One man suffering debilitating migraines that last 72 hours claims to have been freed after switching his diet to one rich in vegetables.

American man, 67, suffered severe headaches over the past 12.5 years. In his search to stop them, he tried all possible medications, as well as cutting out certain foods. 

The man was cured by a diet rich in nutrients, including dark green leafy vegetable such as spinach and watercress, within three months.

This man was 60 when he started the diet, and has been free from migraines for seven years. 

Doctors, who detailed the case in BMJ Case Reports, attributed his improved condition to the high levels of anti-inflammatory and antioxidant nutrients found in the leafy green vegetables.  

A diet of full of nutrient rich diet in dark leafy green vegetables has been credit to curing a man who commonly suffered debilitating 72 hour migraines

One man suffering from debilitating migraines that lasted 72 hours was cured by consuming a high-nutrient diet, rich in dark leafy green veggies. 

“Given the pivotal role of a pro-inflammatory state and an oxidative status in migraine pathophysiology it is probable that this patient obtained relief and reversal from chronic migraines through increasing his phytonutrient intake,” they stated.

Before he began the low-inflammatory vegetable diet (LIFE), he suffered from chronic migraines that lasted up to 72 hours on any given day. 

When asked to rank the headaches, the man gave a range of 10-10. 

Two months later, his migraines were gone.   

What is a migraine?

Migraine is a headache that causes severe or moderate pain in one side of your head. 

It is a common health condition, affecting around one in every five women and around one  in every 15 men. Most cases begin early in adulthood. 

Migraine can be of many types. Some have flashing lights or other warning signs.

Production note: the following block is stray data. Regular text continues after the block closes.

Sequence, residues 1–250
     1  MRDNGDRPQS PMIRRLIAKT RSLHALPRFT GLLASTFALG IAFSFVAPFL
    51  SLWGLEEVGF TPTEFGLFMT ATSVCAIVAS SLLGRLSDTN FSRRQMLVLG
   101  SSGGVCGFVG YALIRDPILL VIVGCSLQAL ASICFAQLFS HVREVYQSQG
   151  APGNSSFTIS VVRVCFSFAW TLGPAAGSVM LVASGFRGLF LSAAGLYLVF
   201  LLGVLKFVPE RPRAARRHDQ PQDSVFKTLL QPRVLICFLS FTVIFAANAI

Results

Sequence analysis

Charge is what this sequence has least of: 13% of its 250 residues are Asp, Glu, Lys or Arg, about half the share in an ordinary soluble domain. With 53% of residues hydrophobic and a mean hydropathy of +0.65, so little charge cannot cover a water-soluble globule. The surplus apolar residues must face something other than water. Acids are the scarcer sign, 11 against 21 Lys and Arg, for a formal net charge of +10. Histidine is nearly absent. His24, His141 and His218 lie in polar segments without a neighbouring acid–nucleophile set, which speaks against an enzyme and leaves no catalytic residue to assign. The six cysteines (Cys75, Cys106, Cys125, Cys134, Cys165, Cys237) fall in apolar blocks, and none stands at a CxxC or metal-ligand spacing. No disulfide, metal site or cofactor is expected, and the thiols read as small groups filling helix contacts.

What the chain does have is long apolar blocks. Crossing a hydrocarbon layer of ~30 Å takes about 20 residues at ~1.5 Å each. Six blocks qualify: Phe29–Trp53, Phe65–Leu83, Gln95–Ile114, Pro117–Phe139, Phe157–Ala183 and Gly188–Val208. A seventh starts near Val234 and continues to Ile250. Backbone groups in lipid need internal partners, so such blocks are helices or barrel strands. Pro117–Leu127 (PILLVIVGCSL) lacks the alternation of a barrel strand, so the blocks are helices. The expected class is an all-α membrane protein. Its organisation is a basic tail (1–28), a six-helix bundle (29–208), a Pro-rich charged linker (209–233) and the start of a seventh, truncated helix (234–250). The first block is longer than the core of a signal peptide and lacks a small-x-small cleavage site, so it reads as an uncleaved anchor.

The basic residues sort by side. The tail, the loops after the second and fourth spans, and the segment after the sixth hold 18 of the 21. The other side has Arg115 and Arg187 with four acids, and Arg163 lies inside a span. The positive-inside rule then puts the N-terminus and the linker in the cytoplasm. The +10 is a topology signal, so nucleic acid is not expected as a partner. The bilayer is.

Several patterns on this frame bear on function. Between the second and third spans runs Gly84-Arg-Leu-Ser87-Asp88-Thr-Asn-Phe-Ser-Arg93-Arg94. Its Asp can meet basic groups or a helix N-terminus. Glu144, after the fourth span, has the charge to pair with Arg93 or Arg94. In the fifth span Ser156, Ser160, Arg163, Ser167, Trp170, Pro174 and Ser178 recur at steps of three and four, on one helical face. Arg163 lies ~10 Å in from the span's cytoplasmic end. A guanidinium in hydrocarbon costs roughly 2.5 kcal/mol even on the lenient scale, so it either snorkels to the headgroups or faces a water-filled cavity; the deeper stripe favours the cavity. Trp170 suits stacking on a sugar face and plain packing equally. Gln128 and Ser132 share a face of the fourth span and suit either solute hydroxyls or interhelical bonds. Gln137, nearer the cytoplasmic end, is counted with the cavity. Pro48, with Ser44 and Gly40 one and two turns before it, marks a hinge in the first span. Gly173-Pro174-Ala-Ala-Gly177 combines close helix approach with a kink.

People can experience migraines often, as many times as they want in a given week. Other people may suffer for years without experiencing any symptoms. 

A GP should be consulted if severe, frequent, or persistent migraine symptoms are present. These symptoms can be classified as more than five days per month by NHS.

The exact cause of migraines is unknown but they are thought be the result of temporary changes in the chemicals, nerves and blood vessels in the brain.

Certain triggers, such as stress or certain foods or drinks, can increase or cause migraines in some people.

Although there are no treatments for migraines, the NHS states that certain lifestyle and medication changes could reduce or eliminate symptoms.  

The man couldn’t understate how much it made a difference to his life when he compared his old anti-migraine drug regimen. 

He wrote, “Most days I was either suffering from a migraine, or trying to recover from one.” 

‘If I missed the 15–30min medication window, the migraines would be a 12 out of 10, and I could end up in bed in the fetal position. “I was desperate.

According to the photographer, the diet changed his whole life.  

‘I can’t even remember the last time I had a headache. I’m no longer in prison within my body. He wrote, “I have my life back.”

LIFE is a diet that includes at least 5 ounces of cooked or raw dark green leafy vegetable every day and one litre daily of green smoothie. It also restricts intake of starchy vegetables, oil, dairy, meat, and other animal protein such as red meat and dairy.